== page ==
Surviving Legalization: Four Strategies-Get Big, Get Better, Get Together, or Hide
As marijuana growers search for ways to stay afloat on the stormy seas of legalization, Leafly, one of the largest cannabis websites in the world, is publishing a series of articles on the four possible strategies they see. They write,
From what we’ve seen in California’s medical market, as well as in the four adult-use states, California’s cannabis farmers will have to choose one of four potential career paths. They can:
- Scale up to industrial-size commodity production
- Build a high-end craft-scale niche brand
- Form or join an agricultural cooperative
- Retire or remain underground and feed the illicit market in non-legal states.
In other words, get big, get better, get together, or hide.
The Leafly series immersed itself in the first three strategies.
The first article explains the reasoning for dividing into these four strategies and then dives into growing big with the story of Jai Malloy who began as a trimmer in the Emerald Triangle and now co-heads a company that is “breaking ground on a $9 million, 108,000 square-foot greenhouse with a full acre of plant canopy. The article examines this strategy. One point it makes is that
by producing cannabis (or anything) in great volumes, you can reduce your per-pound production costs by spreading your expenses (the cost of a greenhouse, say) over a greater number of pounds. These per-pound savings mean you can wholesale each pound at a lower price, which keeps your retailers happy.
The second article in the series goes deep into craft cannabis–making a superior product. This piece focuses on Sam Edwards, on the Sonoma Coast, who not only grows the flower but extracts it and produces a high-end vape cartridge that sells for around $50. One of the many points it makes is that craft cannabis cultivators can produce a unique product. The author points out,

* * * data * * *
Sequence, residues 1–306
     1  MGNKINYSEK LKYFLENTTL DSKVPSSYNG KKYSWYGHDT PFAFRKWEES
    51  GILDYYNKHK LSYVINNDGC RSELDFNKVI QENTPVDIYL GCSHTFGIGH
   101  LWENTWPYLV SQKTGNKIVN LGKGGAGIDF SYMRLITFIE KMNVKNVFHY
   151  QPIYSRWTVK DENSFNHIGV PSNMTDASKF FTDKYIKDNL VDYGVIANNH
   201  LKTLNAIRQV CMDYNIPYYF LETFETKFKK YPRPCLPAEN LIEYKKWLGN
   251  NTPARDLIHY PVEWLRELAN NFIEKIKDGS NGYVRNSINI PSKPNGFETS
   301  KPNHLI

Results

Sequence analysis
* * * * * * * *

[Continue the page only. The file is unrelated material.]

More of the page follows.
Where large-scale cannabis producers wanted the flexibility to grow cannabis anywhere, the boutique model goes the other way, exploiting the complex links between product and place. “Every valley and micro-climate has cannabis farmers who have learned what works best in their areas and what doesn’t,” says Edwards. Ultimately, he says, California could see a cannabis variant of terroir, the French concept that links specific agricultural specialties to specific locations.
The third article navigates what happens when marijuana growers band together. This article looks closely at Emerald Grown founded by Amber and Casey O’Neill in Mendocino. Some of the many strategies the article highlights are:
By sharing seeds, expertise, and other resources, for example, co-op members can significantly boost their individual yields.
By pooling their cash, they can afford attorneys and consultants to navigate local regulations. And, most significantly, by coordinating harvests and pooling their crops, co-op members can deliver the large bulk shipments that California’s cannabis wholesalers increasingly demand.
The fourth strategy, hide, is also looked at in the third article.
Just how many of California’s tens of thousands of small farmers will end up taking this fourth option is impossible to know right now. But if the numbers are as large as some industry observers fear, it could have a huge, and not entirely positive, effect on the success of legalization in California and beyond.
For anyone interested in the cannabis business, this series will fill in gaps in your knowledge and help you understand the decisions marijuana growers face.